Kenya and Rwanda win Commonwealth Access to Justice Innovation Awards

07 March 2024
Commonwealth Access to Justice Innovation Awards

Ground-breaking government initiatives from Kenya and Rwanda have won the inaugural Commonwealth Access to Justice Innovation Awards for improving access to legal services for vulnerable people.

The winners were announced at an award ceremony hosted in Zanzibar on 7 March 2024 on the margins of the Commonwealth Law Ministers Meeting

The awards recognise exceptional government initiatives that utilise innovation to provide meaningful access to justice for the most vulnerable and help achieve Sustainable Development Goal target 16.3 of ensuring equal justice for all.


Rwanda’s Ministry of Justice won two awards. The first award recognised its Abunzi (Mediators) Committee Project. Set up in 2004, the project draws upon traditional methods of conflict resolution to settle disputes at the grassroots level to foster community cohesion.

The Ministry’s integrated electronic case management system received the second award. Launched in 2016, the system streamlines judicial processes through automation and facilitates seamless information sharing among institutions, ultimately fast-tracking justice delivery.

Kenya’s Office of the Registrar Magistrates Courts received an award for its small claims court,  established as part of the country’s vision of ‘Social Transformation through Access to Justice’.

The court offers people a simpler, faster, and cheaper substitute for resolving claims valued at up to 1 million Kenyan shillings (about US $6,950). In the past three years, the court has resolved more than 50,000 cases.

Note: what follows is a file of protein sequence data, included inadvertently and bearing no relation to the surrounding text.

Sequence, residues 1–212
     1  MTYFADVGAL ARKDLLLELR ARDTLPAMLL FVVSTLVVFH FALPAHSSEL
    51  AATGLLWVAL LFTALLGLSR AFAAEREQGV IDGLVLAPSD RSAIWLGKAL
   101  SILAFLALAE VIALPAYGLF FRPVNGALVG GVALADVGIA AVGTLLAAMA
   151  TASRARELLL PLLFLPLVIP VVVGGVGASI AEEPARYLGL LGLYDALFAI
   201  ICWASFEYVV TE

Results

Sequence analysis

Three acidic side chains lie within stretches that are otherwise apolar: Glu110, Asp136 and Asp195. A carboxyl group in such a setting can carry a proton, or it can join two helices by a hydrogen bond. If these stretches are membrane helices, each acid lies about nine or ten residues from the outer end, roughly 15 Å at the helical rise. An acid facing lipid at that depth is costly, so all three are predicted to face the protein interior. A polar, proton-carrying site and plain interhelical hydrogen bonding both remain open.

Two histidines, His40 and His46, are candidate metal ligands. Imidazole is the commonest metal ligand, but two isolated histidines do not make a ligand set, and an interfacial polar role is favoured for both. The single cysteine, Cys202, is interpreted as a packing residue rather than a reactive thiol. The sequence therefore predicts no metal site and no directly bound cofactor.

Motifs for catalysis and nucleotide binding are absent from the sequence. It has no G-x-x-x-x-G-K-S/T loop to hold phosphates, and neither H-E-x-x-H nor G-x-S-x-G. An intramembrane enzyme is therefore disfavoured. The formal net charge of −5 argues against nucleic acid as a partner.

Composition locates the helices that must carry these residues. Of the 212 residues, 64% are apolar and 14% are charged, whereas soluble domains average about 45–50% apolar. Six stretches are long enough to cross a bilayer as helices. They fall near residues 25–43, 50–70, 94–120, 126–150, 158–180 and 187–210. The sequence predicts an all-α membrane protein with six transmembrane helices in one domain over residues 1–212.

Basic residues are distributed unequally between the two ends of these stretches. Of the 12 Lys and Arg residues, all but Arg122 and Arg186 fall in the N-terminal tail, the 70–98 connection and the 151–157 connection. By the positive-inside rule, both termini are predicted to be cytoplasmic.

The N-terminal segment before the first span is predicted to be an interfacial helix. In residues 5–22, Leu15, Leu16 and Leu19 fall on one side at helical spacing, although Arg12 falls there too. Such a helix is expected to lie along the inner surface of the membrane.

‘Be the difference’

Announcing the winners, the Commonwealth Secretary-General, the Rt Hon Patricia Scotland KC, said:

“The need to address the formidable challenges of access to justice cannot be overstated. We can only rise to the challenges by unleashing our knowledge, ingenuity and imagination. Those being awarded today reinforce our faith in our ability to be the difference we want to see in the world.”

She commended Rwanda and Kenya for their innovative work on promoting access to justice for all.

The Secretary-General added:

“Their innovative spirit has been channelled into initiatives which are positively impacting millions of people and have set a shining example for all countries.

“These initiatives demonstrate how legal support can be made more affordable and more accessible to people as well as more responsive to meeting their diverse needs, ensuring that no one is left behind.”

Entries were submitted by government ministers and departments from across the Commonwealth.

A jury of retired judges, former attorneys general, and non-profit executives assessed the entries based on creativity, impact, and potential for long-term change.

Receiving the award, Rwanda’s Justice Minister and Attorney General, Emmanuel Ugirashebuja, said:

“When we do this innovation, it is because we want as many people as possible to have access to justice and have appropriate means of resolving disputes. Technology has helped us achieve that and being awarded is just a bonus.”

A Kenyan official, who accepted the award, spoke about the significant impact of the small claims court, which has reduced the time spent on minor disputes from 10 years to under three months.

Pro Bono Heroes  

In addition to the country awards, Patricia Scotland announced two winners of the inaugural Secretary-General’s Pro Bono Heroes Awards.

The first winner of the Secretary-General’s Pro Bono Heroes Award was Ugandan non-profit Barefoot Law. It was recognised for making use of technology to provide free legal support and information to about one million people.

The other award went to a pan-Commonwealth team, led by Australian expert Loretta Joseph, for its interdisciplinary work on developing a legal framework for virtual assets.

Media contact

  • Snober Abbasi Senior Communications Officer, Media and Public Affairs, Commonwealth Secretariat

  • +44 20 7747 6168 |  E-mail